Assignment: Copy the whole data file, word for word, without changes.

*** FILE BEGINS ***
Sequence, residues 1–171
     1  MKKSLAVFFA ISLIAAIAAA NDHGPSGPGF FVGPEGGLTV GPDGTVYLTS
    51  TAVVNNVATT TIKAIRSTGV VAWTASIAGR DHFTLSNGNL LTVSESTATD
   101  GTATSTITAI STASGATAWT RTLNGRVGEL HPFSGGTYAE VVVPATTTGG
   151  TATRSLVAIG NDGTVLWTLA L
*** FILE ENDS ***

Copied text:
Sequence, residues 1–171
     1  MKKSLAVFFA ISLIAAIAAA NDHGPSGPGF FVGPEGGLTV GPDGTVYLTS
    51  TAVVNNVATT TIKAIRSTGV VAWTASIAGR DHFTLSNGNL LTVSESTATD
   101  GTATSTITAI STASGATAWT RTLNGRVGEL HPFSGGTYAE VVVPATTTGG
   151  TATRSLVAIG NDGTVLWTLA L